So I didn't expect Obama to do anything to end wars and cut the bloated Pentagon budget either.  And very few liberals came out to help put the heat on Clinton or Obama.  


It will be the same again with Biden.  A high percentage of liberals are just fine with what ever happens in Washington as long as their party controls the White House.  (I recall how in 2012, during the height of Obama's drone war, the Washington Post did a survey of self-identified liberals and found that 77% of them supported the program.) They don't want to be 'overly negative' toward their party leadership. They are loyalists.  Their claim to have been part of  'the resistance' was all illusion. (And delusional  too.)

These two videos (above and below) go over the likely Biden appointments to his cabinet and staff.  Each host has different styles.  They all know what they are talking about. 


Sunday, November 15, 2020

Sunday song


Saturday, November 14, 2020

Something is happening here


‘We Won’t Quit Until We Stop It’
Despite the pandemic, US-backed ravaging of Okinawa continues. So does the people’s direct action.

By C. Douglas Lummis

The Nation

Naha, Okinawa—Every day except weekends, holidays, and typhoon days, even in the pandemic, charter buses leave from Naha and other cities on this island to transport protesters to three locations in the north, where the Japanese government is trying to build a super airbase for the US Marines.

One location is Shirakawa, on the Pacific Ocean side of the island, where the government’s Okinawa Defense Bureau is tearing down a mountain and loading it into dump trucks. There, protesters delay the work by standing in front of the trucks. The second location is the nearby Awa Pier, where the mountain-become-dirt is loaded onto small cargo ships. There, by milling around on the sidewalk at the gate where there’s a traffic light, protesters reduce the number of trucks entering the area to one per green light. This reduces the number of ships that depart each day. In the water, the ships are further delayed by a brave fleet of sea-kayakers, who crowd around the bow of each ship until they are hauled away. Once free of the kayakers, the ships sail to the East China Sea side of the island, to Cape Henoko, site of the US Marines’ Camp Schwab, and dump the dirt into the sea as landfill to support the airstrip that is planned to cut across the cape and stick out into the sea on both sides, wreaking ecocatastrophe on the coral garden there. Another team of kayakers meets them, delaying the process still more.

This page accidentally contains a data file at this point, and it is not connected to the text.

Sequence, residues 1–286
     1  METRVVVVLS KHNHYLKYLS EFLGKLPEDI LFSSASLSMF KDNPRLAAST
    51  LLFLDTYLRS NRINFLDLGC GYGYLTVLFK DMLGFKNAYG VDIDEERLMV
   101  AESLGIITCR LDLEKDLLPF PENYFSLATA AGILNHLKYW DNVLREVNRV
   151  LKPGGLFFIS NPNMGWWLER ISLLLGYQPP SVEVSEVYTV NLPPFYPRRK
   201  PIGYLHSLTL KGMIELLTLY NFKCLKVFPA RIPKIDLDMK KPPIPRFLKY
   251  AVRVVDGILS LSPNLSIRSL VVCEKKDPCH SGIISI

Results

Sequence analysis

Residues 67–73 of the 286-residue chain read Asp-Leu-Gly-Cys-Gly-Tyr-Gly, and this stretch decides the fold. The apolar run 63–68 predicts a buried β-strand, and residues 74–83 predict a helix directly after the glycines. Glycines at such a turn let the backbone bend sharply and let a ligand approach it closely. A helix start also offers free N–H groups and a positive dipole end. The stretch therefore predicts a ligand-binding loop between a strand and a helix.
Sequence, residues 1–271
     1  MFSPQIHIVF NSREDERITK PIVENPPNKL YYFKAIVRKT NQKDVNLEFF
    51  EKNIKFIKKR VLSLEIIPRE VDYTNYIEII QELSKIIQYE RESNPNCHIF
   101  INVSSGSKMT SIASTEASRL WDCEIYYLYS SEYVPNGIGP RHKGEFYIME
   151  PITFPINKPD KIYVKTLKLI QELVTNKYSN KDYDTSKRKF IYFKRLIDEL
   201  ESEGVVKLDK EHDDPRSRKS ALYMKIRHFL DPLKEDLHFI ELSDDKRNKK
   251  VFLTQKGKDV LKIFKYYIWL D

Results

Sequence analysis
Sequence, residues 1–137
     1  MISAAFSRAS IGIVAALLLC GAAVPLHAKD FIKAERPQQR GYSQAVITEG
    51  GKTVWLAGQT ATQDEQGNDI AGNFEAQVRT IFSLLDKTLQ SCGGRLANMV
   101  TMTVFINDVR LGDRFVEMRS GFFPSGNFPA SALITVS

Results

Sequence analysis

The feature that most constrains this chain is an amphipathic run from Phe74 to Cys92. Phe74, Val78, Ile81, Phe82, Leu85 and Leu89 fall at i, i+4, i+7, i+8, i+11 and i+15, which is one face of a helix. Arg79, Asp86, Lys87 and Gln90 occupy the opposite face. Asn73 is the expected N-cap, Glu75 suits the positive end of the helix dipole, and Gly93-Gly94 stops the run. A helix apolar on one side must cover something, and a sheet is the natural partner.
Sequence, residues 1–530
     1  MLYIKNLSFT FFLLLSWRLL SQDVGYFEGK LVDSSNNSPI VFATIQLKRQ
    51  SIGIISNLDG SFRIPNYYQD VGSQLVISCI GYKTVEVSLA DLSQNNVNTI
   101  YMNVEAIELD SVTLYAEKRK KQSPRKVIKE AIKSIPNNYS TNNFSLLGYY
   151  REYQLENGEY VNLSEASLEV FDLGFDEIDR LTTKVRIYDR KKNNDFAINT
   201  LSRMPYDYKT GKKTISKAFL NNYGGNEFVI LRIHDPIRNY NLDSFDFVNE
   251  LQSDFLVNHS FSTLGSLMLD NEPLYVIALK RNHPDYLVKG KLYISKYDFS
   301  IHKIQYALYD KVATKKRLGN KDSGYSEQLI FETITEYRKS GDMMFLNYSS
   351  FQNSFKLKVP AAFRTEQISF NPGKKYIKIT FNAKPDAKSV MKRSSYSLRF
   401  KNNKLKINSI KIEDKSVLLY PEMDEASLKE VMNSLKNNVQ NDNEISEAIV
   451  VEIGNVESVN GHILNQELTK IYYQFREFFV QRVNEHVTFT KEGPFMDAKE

The third charter bus destination is the gate on the inland side of Camp Schwab, where a daily sit-in slows down the huge fleets of trucks—cement trucks, trucks carrying building materials, and dump trucks carrying more dirt from nearby locations—that enter the construction site in the form of three convoys of 200–300 vehicles a day, even during the pandemic.

Okinawa was a peaceful independent kingdom until Japan seized it in the same historical era that the United States seized Puerto Rico. Legally, Okinawans are Japanese; culturally, they are a colonized indigenous people. Occupying 0.6 percent of Japanese territory, they are stuck with more than 70 percent of the US military installations in Japan, a situation they call structural discrimination. Okinawan conservatives and progressives are united in opposing the construction of yet another base.


The protesters are mostly retired people. It makes sense. Direct action targeting construction needs to be carried out during working hours. Also, people living on retirement incomes don’t need to worry about getting fired. But more than that, most of these folks remember the Battle of Okinawa or the devastation that came after, and see this as their last chance to put their hatred of war into the form of a concrete achievement. Asked why they think they can win against the combined force of the US and Japanese governments, their fixed answer is “Because we won’t quit until we do.”